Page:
Sunday found me sitting on the tarmac at DFW airport waiting for an open gate so our plane could taxi up and belch us out. I was returning from one of those reoccurring, taking-care-of-family-stuff-trips and was just a smidge worried about my upcoming newspaper deadline, my yearbook pages still unsent, my purchase orders still undone, and the topic of my blog post still undecided.
Jeez Louise, no wonder I stay so stressed.
I don’t know why I worried so. I should have learned by now that airports, airplanes, and air travel in general provides as much fodder as a classroom filled with teenagers (although I find the teenage kind more amusing and their behavior more acceptable).
I was squished into the middle seat way, way in the back of a very, very full plane when the woman next to me whipped out her cell phone and started gushing to someone about a fabulous book she’d been reading.
“Blah, blah, blah, we’re the director, producer of our own lives…blah, blah, blah… we shouldn’t take things personally…blah…blah…blah…If someone points a gun to your head, don’t take it personally…”
I almost fell out of my seat (since I had illegally unbuckled my belt).
“Are you kidding me!” I almost screamed. “You better start taking things personally if someone has a friggin’ gun to your head! Are you a big, fat…” (No, I didn’t say any of it, although the bubble above my head was in overdrive.)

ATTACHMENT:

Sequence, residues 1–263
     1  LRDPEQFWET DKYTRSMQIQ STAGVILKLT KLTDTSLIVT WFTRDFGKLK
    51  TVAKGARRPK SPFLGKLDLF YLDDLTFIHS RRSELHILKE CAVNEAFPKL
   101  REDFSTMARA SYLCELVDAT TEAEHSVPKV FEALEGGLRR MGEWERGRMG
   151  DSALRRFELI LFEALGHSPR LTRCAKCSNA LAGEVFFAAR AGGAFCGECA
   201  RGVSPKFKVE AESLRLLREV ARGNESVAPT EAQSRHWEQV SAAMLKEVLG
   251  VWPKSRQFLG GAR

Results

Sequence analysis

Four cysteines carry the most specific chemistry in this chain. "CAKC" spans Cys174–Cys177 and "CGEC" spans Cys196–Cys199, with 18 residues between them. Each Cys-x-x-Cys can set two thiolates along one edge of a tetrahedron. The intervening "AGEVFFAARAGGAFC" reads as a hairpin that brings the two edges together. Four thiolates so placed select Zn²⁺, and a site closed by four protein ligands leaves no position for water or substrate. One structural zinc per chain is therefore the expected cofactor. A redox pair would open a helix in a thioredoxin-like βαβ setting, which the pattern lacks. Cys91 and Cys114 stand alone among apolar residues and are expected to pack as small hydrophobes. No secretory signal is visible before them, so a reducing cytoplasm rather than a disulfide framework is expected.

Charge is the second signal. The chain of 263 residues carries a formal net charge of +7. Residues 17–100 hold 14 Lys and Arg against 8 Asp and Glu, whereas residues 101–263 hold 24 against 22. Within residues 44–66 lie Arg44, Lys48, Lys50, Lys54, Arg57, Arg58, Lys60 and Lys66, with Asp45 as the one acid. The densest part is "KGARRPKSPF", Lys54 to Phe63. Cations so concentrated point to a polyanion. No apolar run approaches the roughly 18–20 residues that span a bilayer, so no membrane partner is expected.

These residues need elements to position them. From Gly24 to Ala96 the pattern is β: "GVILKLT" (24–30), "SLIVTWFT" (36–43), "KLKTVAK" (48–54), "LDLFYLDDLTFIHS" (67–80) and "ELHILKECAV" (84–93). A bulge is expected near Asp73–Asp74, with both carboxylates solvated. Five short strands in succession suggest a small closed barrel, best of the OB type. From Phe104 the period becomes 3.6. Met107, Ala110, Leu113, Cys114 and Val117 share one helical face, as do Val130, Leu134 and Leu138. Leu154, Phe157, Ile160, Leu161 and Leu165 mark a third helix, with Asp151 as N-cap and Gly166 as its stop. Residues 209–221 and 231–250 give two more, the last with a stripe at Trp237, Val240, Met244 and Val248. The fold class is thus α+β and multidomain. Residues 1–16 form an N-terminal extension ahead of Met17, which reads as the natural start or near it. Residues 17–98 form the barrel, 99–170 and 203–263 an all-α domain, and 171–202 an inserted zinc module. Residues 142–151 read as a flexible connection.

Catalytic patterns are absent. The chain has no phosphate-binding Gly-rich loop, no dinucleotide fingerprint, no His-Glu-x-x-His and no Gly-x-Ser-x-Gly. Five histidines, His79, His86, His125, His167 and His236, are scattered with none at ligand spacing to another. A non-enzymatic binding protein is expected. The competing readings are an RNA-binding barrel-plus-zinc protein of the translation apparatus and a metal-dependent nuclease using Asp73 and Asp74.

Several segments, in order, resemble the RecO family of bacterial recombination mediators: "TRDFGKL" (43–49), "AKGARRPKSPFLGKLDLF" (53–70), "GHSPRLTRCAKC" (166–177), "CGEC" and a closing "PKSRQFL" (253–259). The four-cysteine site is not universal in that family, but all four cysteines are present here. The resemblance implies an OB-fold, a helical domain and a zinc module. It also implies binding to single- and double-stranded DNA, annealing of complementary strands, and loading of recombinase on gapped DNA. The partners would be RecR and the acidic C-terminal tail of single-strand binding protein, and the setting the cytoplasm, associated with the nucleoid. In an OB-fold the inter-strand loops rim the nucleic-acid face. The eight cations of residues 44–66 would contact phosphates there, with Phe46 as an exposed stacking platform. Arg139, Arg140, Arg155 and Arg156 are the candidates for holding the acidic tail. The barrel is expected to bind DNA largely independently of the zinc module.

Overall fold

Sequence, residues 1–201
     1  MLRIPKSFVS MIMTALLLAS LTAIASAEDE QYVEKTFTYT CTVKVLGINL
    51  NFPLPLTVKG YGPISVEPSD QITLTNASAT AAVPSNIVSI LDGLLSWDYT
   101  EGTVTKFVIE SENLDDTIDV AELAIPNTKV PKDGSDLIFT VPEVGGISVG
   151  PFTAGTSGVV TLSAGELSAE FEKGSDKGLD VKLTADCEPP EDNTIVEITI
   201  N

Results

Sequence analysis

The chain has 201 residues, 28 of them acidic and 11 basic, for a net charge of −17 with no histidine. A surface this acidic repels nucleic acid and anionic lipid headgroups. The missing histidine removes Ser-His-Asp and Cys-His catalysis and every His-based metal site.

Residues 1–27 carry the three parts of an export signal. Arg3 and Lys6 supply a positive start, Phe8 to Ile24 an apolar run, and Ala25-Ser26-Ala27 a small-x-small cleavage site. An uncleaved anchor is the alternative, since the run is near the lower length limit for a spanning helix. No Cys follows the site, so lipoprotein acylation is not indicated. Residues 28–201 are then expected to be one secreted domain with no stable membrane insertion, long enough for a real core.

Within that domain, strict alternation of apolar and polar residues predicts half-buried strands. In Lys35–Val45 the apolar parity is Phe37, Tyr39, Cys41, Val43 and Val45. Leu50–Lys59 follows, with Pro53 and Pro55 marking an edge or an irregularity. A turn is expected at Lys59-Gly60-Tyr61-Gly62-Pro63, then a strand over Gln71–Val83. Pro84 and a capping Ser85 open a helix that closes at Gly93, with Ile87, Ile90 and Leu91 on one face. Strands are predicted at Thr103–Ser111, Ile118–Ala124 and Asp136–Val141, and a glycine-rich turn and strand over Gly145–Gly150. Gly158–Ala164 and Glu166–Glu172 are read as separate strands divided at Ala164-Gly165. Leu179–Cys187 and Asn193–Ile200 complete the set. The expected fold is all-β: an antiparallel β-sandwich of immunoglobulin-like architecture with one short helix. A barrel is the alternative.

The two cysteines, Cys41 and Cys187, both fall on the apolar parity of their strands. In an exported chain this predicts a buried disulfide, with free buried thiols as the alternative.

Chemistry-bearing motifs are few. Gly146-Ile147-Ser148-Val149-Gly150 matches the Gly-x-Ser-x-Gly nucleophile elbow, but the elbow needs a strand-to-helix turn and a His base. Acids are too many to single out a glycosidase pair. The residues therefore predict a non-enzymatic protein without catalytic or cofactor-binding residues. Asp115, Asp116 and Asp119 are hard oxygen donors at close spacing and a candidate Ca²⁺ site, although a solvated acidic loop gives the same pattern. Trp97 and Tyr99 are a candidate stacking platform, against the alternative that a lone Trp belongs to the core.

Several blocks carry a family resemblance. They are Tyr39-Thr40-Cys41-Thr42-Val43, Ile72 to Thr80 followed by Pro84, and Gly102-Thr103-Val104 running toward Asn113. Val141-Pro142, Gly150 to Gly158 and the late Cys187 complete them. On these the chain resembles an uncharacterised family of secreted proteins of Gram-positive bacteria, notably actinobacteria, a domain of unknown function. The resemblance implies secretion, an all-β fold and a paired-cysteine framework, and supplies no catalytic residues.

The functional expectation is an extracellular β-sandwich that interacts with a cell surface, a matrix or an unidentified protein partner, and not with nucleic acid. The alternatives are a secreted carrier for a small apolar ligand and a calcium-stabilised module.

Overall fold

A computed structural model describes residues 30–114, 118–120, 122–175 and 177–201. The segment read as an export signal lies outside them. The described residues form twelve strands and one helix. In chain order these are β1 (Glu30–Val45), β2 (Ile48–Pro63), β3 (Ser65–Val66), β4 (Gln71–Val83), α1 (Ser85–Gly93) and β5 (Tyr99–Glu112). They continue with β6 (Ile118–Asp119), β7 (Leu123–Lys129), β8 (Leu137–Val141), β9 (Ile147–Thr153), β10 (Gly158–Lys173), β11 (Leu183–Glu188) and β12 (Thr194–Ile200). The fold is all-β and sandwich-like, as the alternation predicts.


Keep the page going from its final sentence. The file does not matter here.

I realize I’m probably the only person on the planet who hadn’t heard of the little book she was talking about, Four Agreements, until then. I guess I missed that episode of Oprah, but Holy Moley Crack Fire, don’t ya think there are some things out there that one should just, well, I don’t know, take personally? You know, things like guns pointing at your head? (I don’t care if it was a metaphor. And, yes, I’m sure there’s probably much more to it than this little snippet.)
Still, all of that got me to thinking, and we all know what happens when that happens. I figured if guns pointing at one’s head shouldn’t be taken personally, well then, there are lots of other things not to take personally. My short list includes things like grades, yearbook pages, budget money, deadlines of any kind, eating mass quantities of anything, being late for anything, everything in my Things-That-Will-Get-You-Fired-Folder (which sadly is now several inches thick and located in my right hand desk drawer), and me saying someone is dumber than a bag of cat hair.
It sort of gives everyone a free pass, doesn’t it? Kind of like that get-out-of-jail-free card we love so much. So I guess the next time a kid in my classroom complains about his grade, I’ll just say, “Hey, don’t take it so personally.”
Yeah, that’s the ticket.